Stick Sculpture

The materials for your next project are just lying on the ground.

The Stick Sculpture Of Patrick Dougherty

stick sculpture
Combining his carpentry skills with his love of nature, Patrick Dougherty began to learn about primitive building techniques and to experiment with tree saplings as construction material beginning about 1980. He quickly moved from small single pieces on pedestals to monumental site-specific installations. To date he has built over two hundred twenty such massive sculptures all over the world. His home base is his handmade log home in Chapel Hill, NC.

Dougherty uses locally-grown branches and often recruits locals to help complete his works. www.stickwork.net

stick sculpture
Close Ties, Dingwall, Scottish Highlands, 2006.
By Patrick Dougherty. stickwork.net
Photographer: Fin Macrae.

stick sculpture
Sortie de Cave/Free at Last,
Jardin des Arts, Chateaubourg, France, 2008. By Patrick Dougherty. stickwork.net

stick sculpture
The Summer Palace
Morris Arboretum of the University of Pennsylvania, Philadelphia, PA, 2009.
By Patrick Dougherty. stickwork.net

stick sculpture
Call of the Wild
Museum of Glass, Tacoma, WA, 2002.
By Patrick Dougherty. stickwork.net
Photographer: Duncan Price.

stick sculpture
Toad Hall
Santa Barbara Botanic Garden, Santa Barbara, CA, 2005.
By Patrick Dougherty. stickwork.net

twig sculpture
Sittin’ Pretty
South Carolina Botanical Gardens, Clemson, South Carolina, 1996.
By Patrick Dougherty. stickwork.net
Photographer: David Lewis.

twig sculpture
Patrick Dougherty. stickwork.net

stick sculpture
Roundabout
Tallaght Community Art Center, Dublin, Ireland, 1997.
By Patrick Dougherty. www.stickwork.net

stick sculpture
Crossing Over
American Craft Museum, New York, New York, 1996.
By Patrick Dougherty. www.stickwork.net
Photographer: Dennis Cowley.

stick sculpture
Around the Corner
University of Southern Indiana, New Harmony Gallery, New Harmony, IN, 2003.
By Patrick Dougherty. www.stickwork.net
Photographer: Doyle Dean.

The Stick Sculpture Of Jaakko Peru

stick sculpture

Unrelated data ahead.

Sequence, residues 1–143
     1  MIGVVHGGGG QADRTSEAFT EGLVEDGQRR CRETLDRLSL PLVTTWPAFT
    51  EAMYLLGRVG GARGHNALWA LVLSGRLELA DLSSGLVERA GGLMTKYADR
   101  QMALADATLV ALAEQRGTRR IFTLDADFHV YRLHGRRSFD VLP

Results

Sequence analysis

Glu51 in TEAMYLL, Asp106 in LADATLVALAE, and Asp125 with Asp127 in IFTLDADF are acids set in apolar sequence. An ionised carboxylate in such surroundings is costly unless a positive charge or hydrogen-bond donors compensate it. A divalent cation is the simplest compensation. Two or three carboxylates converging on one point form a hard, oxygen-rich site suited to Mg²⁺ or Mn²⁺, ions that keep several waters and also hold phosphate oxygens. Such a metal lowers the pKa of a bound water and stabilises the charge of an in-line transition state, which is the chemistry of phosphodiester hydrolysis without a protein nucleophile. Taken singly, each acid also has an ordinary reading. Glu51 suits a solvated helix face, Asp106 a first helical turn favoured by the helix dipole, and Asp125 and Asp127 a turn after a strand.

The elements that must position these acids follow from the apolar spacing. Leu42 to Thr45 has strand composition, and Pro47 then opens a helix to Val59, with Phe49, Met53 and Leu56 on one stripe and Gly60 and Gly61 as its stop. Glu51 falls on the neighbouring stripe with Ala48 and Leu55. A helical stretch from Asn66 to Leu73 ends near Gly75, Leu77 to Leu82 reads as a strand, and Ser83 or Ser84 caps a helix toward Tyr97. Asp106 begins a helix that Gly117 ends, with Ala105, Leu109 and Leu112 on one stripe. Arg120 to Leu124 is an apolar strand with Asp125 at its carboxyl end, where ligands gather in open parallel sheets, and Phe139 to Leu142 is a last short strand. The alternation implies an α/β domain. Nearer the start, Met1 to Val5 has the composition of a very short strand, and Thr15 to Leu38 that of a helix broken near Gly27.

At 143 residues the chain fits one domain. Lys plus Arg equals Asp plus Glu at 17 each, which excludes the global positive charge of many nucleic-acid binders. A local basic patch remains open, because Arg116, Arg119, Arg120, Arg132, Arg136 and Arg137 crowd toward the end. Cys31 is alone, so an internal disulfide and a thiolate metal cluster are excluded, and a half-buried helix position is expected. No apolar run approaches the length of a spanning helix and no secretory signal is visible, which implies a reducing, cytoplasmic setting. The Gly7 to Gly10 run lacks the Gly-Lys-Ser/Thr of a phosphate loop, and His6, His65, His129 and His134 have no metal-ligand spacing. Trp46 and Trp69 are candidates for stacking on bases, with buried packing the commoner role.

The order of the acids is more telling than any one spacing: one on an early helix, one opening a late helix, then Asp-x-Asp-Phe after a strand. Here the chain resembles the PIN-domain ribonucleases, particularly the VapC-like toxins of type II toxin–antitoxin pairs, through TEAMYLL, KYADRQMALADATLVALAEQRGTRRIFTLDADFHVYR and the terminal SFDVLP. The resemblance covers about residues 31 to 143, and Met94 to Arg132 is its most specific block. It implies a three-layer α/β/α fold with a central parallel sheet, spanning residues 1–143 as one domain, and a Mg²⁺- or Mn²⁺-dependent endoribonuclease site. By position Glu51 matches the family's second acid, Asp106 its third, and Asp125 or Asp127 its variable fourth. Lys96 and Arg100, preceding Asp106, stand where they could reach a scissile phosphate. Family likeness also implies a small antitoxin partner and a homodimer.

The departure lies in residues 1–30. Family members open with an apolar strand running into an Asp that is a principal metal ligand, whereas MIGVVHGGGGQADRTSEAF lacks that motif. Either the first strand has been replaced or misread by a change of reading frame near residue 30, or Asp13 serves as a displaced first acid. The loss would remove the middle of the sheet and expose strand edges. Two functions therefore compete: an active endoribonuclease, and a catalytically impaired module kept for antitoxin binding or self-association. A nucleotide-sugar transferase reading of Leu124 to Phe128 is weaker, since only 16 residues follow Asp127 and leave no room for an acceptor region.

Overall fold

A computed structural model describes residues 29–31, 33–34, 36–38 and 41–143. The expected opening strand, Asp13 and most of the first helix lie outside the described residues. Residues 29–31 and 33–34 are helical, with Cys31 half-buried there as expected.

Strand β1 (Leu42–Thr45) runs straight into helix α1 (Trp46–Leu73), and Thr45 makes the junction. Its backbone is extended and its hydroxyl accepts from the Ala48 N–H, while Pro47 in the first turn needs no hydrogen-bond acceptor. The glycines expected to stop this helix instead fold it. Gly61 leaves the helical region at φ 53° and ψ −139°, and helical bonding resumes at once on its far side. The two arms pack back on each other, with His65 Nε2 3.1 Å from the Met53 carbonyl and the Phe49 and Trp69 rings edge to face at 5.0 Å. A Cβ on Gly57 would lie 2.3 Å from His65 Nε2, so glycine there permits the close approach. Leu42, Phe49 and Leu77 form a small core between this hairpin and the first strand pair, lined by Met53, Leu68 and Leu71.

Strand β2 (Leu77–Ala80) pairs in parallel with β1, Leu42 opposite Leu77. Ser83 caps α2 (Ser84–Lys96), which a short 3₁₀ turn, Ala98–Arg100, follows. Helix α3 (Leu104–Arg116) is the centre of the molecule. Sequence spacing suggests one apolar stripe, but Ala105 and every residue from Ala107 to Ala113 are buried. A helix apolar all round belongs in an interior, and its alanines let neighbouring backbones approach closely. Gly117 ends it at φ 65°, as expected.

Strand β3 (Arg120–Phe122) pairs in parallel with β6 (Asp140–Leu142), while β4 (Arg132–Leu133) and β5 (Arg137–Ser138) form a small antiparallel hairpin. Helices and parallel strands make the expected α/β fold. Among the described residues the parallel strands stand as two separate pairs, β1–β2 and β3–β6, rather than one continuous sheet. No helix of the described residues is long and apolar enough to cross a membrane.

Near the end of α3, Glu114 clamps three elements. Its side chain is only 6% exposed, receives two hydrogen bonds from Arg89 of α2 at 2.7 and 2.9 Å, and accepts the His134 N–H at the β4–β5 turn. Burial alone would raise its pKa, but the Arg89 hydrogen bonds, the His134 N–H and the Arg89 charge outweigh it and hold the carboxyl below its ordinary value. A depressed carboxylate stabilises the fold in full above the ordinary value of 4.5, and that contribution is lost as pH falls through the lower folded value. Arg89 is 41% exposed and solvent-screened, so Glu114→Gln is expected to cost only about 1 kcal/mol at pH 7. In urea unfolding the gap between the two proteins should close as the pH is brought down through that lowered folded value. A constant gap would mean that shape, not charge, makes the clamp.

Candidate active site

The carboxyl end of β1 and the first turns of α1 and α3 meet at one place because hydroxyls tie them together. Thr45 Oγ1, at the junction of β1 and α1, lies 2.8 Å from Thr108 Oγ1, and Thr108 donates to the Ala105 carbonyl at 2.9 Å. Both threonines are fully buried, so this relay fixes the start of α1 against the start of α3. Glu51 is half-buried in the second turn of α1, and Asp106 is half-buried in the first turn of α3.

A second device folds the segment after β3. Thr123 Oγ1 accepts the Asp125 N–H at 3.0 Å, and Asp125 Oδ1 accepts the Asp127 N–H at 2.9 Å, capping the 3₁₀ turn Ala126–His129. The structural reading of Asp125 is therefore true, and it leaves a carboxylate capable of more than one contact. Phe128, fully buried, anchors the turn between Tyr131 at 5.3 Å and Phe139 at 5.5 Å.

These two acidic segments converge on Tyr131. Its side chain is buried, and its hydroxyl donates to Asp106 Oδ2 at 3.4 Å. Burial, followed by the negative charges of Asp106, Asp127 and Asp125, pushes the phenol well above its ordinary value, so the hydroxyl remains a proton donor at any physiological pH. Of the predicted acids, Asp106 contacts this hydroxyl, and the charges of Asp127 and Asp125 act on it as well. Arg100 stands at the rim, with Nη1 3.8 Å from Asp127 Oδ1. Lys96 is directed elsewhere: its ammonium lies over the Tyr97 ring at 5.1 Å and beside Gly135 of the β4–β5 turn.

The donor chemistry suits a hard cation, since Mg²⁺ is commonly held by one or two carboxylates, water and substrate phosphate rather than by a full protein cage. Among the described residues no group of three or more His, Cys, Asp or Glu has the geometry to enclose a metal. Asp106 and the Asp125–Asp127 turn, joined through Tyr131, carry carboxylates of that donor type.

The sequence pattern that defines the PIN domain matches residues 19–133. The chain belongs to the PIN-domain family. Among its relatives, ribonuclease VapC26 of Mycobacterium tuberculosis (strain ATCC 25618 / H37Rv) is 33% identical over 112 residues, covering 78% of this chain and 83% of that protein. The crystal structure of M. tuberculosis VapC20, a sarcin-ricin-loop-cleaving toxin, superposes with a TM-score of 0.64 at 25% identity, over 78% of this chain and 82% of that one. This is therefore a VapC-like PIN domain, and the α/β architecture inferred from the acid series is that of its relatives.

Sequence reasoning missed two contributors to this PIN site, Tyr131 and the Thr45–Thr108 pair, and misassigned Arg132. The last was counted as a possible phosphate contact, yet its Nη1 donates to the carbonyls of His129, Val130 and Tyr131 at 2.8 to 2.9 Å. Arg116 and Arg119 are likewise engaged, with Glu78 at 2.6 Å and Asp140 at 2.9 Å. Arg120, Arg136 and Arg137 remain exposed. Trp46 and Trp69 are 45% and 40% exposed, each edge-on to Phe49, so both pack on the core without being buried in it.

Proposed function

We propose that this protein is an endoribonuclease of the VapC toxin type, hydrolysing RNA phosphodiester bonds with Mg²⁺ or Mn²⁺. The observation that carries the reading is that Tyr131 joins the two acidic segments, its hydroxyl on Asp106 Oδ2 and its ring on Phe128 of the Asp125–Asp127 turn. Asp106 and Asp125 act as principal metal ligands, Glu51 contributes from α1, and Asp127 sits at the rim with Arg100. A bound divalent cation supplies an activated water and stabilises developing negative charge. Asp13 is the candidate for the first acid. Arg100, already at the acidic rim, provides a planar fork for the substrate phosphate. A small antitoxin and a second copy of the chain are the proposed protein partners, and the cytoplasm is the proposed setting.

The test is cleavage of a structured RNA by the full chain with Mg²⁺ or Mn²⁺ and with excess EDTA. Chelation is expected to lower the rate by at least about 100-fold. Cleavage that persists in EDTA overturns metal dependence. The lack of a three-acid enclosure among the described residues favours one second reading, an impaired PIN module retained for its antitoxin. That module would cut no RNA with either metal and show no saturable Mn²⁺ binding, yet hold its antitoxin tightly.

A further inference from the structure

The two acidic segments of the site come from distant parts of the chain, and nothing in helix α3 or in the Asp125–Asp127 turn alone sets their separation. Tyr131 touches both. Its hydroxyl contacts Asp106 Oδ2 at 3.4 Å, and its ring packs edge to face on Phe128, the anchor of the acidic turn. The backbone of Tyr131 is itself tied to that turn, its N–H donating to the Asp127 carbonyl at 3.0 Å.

Ground Beneath, Oulu 1996 – 99.  9.5 m. By Jaakko Pernu www.environmentalart.net

Jaakko Pernu was born in 1958 in Kälviä, Finland. He currently lives and works in the city of Kokkola. “My working techniques are a direct continuation of the traditional Finnish itch for ‘hands-on’ methods, in which, in one form or another, materials derived from nature were always used. I feel that my completed works can be a part of the defined art world of galleries or museums; however, they can also be within reach of the so-called man in the street, who might bump into the artworks by chance along unfamiliar paths. In that instance, you could say that the intuitive ball of comprehension has been thrown to the viewer.” Some in process images here: www.environmentalart.net
stick sculpture
For the Big Family, 2006. By Jaakko Pernu. www.environmentalart.net

stick sculpture
Beacon, 2002. 4.5 m www.environmentalart.net

twig sculpture
Organ of Hearing, Fiskars 1999 – 03. By Jaakko Pernu  www.environmentalart.net

stick sculpture
Flux by Jaakko Pernu

The Stick Sculpture of Jenni Tieaho

Jenni Tieaho lives and works in Uusimaa, Finland. “My work tells stories about the Finnish forest, lakes, the mossy mountains and vast open fields, in an often folkloric, mystical and magical way. Pine needles, pinecones, hay, moss, the roots of plants or the tree bark weave into stories in which are hidden the powerful expression of nature. They express various human feelings, longing, closeness, hurt and belonging. Exploration and adventure are the making of art, also a part of me as a person. Art as a way of life is a playful interaction for human beings. It is a language with which I communicate with my own surroundings.” environmentalart.net